Remember when I said the 101 reasons to love Nicolas Cage
feature would be the last thing we did on Nicolas Cage this week? I lied.
Firstly, as I know you're all dying to find out, I'll address the burning issue:
Now let me elaborate. Drive Angry is very obviously Nicolas Cage embracing his own ridiculousness, or - in language invented by Bad Lieutenant director Werner Herzog - "releasing the pigs". It's a movie about a man who breaks out of hell to rescue his baby granddaughter from the Satanic cult who killed his daughter, usually by running people over or, at a push, shooting them in the face. Also, he has a blonde mullet. You know what you like and Nicolas Cage is giving it to you. In angry 3D
The strange thing is, Cage is unusually restrained for a movie with such a bonkers premise. There's only one scene where he reveals to us the horrors of the underworld (features the baffling line: "The burning's not the worst part... it's the video feed!" Apparently you can't get HDMI for shit in Hell) and rather than relate it in the mad-eyed gibberish we've come to expect, he goes all glassy-eyed and intense. Which is fair enough, but surely there's an opportunity for large-scale pig-release right there.
Equally weird - and not in the way intended - is the fact that Cage is overshadowed in his own movie. Not only is he blown off screen by the hotpant-clad ass of Amber Heard (who bends over every bonnet in a four-mile radius) but he's out-Caged by supporting player William Fichtner, who plays The Accountant; Satan's own pencil-pusher out to return Cage to Hell. He's a straight-talker with a taste for profanity ("You! Fat fuck!") and '70s funk and he's by far the best thing about Drive Angry.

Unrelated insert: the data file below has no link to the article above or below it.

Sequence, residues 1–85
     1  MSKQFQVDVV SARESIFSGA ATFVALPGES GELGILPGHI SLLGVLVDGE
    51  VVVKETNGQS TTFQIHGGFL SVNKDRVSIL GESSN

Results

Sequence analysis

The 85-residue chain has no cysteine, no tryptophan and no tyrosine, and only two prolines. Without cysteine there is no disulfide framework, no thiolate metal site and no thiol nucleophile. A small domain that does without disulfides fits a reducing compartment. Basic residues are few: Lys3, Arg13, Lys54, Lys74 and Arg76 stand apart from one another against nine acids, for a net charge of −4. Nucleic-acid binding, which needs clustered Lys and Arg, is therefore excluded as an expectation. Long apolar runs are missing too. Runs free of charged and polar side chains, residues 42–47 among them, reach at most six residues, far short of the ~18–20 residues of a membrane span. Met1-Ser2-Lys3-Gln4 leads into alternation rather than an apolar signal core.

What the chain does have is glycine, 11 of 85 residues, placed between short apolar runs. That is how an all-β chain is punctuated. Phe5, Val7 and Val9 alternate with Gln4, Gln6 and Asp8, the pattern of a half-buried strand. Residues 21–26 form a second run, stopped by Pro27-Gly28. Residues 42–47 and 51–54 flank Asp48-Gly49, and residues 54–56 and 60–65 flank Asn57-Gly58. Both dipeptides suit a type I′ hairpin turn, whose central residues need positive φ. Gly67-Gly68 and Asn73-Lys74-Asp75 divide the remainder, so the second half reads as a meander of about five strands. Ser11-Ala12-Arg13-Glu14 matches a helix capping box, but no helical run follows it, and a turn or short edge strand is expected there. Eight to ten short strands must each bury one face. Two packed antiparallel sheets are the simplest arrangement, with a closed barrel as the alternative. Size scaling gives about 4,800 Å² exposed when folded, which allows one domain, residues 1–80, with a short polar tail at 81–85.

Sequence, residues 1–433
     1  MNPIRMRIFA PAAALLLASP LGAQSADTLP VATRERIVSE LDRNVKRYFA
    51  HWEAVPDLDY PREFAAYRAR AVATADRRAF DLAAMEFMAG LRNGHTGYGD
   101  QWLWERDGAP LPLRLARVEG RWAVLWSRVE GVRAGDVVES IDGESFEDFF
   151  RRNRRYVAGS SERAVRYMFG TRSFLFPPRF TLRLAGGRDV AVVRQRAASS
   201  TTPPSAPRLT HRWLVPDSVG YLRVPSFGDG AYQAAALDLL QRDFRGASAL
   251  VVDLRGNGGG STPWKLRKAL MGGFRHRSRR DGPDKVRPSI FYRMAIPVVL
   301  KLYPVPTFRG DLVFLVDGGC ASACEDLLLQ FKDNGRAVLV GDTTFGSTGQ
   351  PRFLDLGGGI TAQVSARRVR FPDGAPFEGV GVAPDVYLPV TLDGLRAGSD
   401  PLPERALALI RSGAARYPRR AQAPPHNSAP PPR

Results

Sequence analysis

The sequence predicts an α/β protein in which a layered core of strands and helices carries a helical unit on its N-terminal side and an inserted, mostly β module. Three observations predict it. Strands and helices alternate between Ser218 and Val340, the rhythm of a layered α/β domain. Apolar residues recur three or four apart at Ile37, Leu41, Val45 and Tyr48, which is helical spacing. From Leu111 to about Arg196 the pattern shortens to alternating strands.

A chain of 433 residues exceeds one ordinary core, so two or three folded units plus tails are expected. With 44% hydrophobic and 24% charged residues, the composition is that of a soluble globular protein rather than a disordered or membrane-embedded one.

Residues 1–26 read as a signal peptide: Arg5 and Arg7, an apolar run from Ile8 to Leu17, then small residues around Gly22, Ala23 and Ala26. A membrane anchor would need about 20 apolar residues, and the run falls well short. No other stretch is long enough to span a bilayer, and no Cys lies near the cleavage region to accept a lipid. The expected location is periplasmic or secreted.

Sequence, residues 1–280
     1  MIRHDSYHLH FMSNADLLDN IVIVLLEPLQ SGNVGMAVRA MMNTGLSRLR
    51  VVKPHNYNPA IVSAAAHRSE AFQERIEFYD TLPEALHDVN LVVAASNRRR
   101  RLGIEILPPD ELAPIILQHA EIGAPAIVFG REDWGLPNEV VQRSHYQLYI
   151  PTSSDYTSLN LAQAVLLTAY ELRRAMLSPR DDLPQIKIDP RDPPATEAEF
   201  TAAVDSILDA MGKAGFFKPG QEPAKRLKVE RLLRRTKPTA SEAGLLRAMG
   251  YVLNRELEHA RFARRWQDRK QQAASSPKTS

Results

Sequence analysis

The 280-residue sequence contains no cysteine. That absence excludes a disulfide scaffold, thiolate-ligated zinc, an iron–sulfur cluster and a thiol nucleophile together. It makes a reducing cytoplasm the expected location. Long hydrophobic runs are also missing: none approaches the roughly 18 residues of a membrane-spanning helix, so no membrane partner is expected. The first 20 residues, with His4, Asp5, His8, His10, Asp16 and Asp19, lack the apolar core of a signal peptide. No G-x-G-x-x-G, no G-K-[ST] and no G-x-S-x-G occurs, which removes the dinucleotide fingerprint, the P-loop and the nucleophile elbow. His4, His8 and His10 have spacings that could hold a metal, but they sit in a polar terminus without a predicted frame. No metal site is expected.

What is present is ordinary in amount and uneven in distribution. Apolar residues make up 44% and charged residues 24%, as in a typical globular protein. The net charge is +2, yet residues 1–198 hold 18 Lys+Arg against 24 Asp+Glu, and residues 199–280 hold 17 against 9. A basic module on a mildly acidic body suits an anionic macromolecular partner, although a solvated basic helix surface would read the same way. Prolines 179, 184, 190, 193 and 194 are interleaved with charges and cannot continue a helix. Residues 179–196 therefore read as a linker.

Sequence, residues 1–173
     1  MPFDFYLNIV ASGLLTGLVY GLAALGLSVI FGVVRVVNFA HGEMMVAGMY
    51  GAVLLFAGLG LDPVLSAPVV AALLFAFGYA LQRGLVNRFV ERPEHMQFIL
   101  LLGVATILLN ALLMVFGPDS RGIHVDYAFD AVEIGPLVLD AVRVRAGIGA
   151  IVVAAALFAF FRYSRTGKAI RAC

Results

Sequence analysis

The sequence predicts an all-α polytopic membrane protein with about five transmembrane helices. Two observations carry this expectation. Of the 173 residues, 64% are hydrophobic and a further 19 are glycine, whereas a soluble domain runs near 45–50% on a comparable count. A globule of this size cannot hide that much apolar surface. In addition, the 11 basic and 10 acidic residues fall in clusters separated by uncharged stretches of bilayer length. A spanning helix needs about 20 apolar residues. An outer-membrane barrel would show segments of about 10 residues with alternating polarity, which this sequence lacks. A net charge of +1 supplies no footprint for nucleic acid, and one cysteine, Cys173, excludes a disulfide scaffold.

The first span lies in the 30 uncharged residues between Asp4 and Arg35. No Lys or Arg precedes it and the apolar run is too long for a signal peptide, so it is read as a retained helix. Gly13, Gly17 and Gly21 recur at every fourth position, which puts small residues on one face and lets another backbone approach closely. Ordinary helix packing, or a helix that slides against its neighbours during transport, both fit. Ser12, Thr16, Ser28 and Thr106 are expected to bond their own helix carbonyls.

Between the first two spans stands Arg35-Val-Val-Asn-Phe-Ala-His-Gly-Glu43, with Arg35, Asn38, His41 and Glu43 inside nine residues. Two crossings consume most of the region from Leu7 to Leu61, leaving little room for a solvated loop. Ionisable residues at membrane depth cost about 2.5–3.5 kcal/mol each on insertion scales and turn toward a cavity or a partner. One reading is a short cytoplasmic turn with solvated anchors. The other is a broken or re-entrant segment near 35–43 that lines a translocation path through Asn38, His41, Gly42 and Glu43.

"Say... would you like to buy some Amway?"
It's all highly ridiculous, of course - as if any film in which Nicolas Cage gets tasered while fucking a barmaid could be award fodder - but the grimy, B-movie tone that director Patrick Lussier has aimed for is all over the place. The car engines are throbbing, the women are hot and the blood flows freely, but it feels about as authentic a grindhouse experience as... well, Grindhouse. There are odd design decisions that contribute; a desaturated palette matched with cutting edge 3D being one jarring combination.
To be honest, it's easy to watch and difficult to dislike, but Drive Angry often feels like its trying a too hard to rebel. Violence, sex and swearing are all obviously big and clever and cool, but when you're slapped round the face with them for an hour and a half it all becomes a little bit... boring. And as you know, for a Nicolas Cage movie aiming for that all-important upper-right quadrant on the matrix, that's a cardinal sin.